Wednesday Writers Wisdom: Drawing Up the Dark by Elizabeth Yon
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What is Wednesday Writers Wisdom?
I’m glad you asked. I originally started this series to share writing advice with other writers, especially beginning writers. I know when I first started writing again in 2010, I needed a lot of help. So, thus WWW was born. You can expect to find writing advice shared by me, other #ourwriteside authors, and guest authors. Our emails are always available for question suggestions as well. I’d like to start the conversation and answer those questions you must have answers to. After all, this isn’t just OUR Write Side, but it’s Yours, too.
Our Wednesday Writers Wisdom comes to you today from Elizabeth Yon.
Elizabeth Yon lives in rural Bedford County, Pennsylvania. She is the author of two story collections: Wilderness, A Collection of Dark Tales; and Blackfern Girls. Her short stories have been published in the anthologies Precipice, Vols. II and III; Echoes in Darkness; and the Bannerwing Books showcase Open Studio. More of her dark fiction can be found on her WordPress blog, The Palace of Night.
Drawing Up the Dark
Each morning, I follow the last shadows down the staircase to my writing nook. I wind the clock and boot up the computer. I play the creaking floorboards underfoot on my way to the kitchen where I feed the cats and drink coffee. Perhaps, if the season is right, I take a turn in the garden. It’s all quite placid, a mundane start to the day in an old, but kindly, house. There is nothing to foretell the sprouting of fearsome worlds, like a wilderness of mushrooms fat with malice, that is about to occur. I will sit down at my keyboard and open a door to that forest of night. I will apply myself to the riddle of how to serve you, the reader, a meal of those mushrooms.
I write dark fiction – stories that fall under the black umbrella of horror, but which can be further classified as dark fantasy, paranormal, fairy tale, and fable. Every creature and trope in the horror domain is fair game, but how I assemble the materials determines sub-genre. For me as a reader, and certainly as a writer, it is not satisfactory to play with tired tropes, though. Something more than cheap, B-movie scares must infuse the stories. I’ll share my own recipe, stirred up with some success, but always leading me on toward a tantalizingly elusive feast of dark perfection. It includes the spice of beautiful language – careful construction of lovely literary complexity, even a dash of the poetic. If the words are rich and fill the reader’s mouth with the desire to speak them aloud just for the pleasure of them on the tongue, I feel satisfaction.
I add to the recipe the dazzling ornament of fully imagined setting. This requires the use of every sense. It is not enough to enable the reader to see. The stories take place somewhere, in worlds of fantastic possibility, and somewhen, in distinct eras. Close attention must be paid to details, and to smells, and to sounds. Tactile input must somehow be achieved. A world complete is one the reader can inhabit in an almost physical sense, one that is an extension of her body map. It is a world that she believes she can touch, and that (gulp) touches her in return.
So, we have a place and time to visit, we’ve not been lazy with our research, and we have a sensuous mode of communication. There must be characters, and they cannot come ready made from some market. They must be created from scratch, the words they will speak placed in their mouths with a care that could animate stone angels. They must speak and act in ways that are true to their roles as well as to the reader, and they must never fall into the dull robotism of stock action or dialogue. Keen, and even rude, observation is my friend here. I do not shy from unabashed eavesdropping in public places. I collect life stories from friends and strangers with the avidity of an interrogator. I am as enamored of the ugly as I am of the beautiful, and I accept that both live in every individual. I enjoy all that human nature has on offer, and aim to choose from the best ingredients to make well developed, round characters.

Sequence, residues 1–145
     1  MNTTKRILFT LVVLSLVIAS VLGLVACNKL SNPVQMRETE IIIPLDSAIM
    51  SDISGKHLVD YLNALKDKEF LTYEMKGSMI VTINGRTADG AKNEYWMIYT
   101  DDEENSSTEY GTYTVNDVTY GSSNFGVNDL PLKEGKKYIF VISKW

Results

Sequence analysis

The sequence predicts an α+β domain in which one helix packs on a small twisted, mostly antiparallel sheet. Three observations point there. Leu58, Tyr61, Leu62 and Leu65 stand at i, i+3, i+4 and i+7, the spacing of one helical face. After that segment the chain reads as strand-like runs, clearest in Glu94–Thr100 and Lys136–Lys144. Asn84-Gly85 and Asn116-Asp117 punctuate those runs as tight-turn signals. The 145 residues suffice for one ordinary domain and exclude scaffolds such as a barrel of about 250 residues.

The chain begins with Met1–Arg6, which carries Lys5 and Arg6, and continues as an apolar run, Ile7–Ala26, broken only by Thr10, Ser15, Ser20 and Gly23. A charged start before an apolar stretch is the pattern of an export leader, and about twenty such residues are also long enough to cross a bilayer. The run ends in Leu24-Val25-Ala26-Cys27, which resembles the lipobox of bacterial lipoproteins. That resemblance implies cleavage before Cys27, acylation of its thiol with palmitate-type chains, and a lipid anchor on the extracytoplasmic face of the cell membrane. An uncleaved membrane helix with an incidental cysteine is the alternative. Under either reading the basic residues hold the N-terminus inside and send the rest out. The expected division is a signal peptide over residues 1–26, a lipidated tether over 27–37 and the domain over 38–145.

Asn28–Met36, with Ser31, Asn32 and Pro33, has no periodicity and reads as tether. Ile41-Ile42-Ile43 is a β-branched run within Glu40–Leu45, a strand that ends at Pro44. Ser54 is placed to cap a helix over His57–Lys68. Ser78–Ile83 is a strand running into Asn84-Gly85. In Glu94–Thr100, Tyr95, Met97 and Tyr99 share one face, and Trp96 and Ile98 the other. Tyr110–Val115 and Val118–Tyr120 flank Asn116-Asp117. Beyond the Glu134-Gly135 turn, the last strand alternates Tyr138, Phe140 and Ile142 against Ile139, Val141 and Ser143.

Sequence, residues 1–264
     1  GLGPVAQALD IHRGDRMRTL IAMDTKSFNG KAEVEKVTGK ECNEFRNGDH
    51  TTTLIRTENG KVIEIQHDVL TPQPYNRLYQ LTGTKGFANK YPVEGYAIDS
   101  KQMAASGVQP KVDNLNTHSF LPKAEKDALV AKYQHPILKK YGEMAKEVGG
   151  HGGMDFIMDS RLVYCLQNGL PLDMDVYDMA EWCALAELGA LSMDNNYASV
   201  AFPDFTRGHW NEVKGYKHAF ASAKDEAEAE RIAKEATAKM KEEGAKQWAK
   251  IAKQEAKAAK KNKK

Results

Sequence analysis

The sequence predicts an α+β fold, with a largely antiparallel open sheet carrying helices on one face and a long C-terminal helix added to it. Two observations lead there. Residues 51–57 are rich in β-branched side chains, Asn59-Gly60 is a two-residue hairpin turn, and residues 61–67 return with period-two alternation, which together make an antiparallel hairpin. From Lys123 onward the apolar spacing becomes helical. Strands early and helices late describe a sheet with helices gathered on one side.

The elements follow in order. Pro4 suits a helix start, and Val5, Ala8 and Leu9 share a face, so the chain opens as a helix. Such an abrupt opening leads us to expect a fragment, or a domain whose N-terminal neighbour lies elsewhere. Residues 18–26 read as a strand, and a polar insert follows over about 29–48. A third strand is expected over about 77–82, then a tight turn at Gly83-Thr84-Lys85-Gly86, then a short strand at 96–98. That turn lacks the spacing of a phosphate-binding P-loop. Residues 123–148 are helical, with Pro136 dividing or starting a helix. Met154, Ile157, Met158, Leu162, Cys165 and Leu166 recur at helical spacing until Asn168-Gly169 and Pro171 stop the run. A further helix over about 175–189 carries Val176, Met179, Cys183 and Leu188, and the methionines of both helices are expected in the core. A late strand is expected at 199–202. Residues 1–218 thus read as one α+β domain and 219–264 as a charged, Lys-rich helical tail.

And now we come to it, that overarching, meaty thing referred to as plot. It seldom comes to me first. Most often, I begin with the others, making a savory broth that calls for this or that happening. The plot, the toothsome flesh of the story, grows like a mushroom from the interactions of the other components. Yet, there is still an enigmatic additive I think lends the spark of real life to an otherwise partially animated tale.
I draw it from a well within me, the lightless shaft where I keep my secret pain and terror. It is the salt of personal experience; distilled from the fathomless subterranean sea of feeling and knowing that rolls its tidal brawn at the core of each of us. In writing the kinds of stories I write, I run my fingers over the slick hides of my own monsters as the slip by me in the murk, learning their shapes and boundaries. This is where the dark rises; this is where it is hauled bucket by harrowing bucket to the torchlight. This is where we gather, all together, to look at it.
And something new on every Wednesday Writers Wisdom: one question answered by a publisher per week.
Question: Which one are you truly looking for: impressive writing or solid stories you know will sell well?
This week’s answer comes from Jen Wylie of Untold Press:
Because we are not a major publishing house, we are able to pick and choose stories we know are great, and not be concerned about current trends and marketability.
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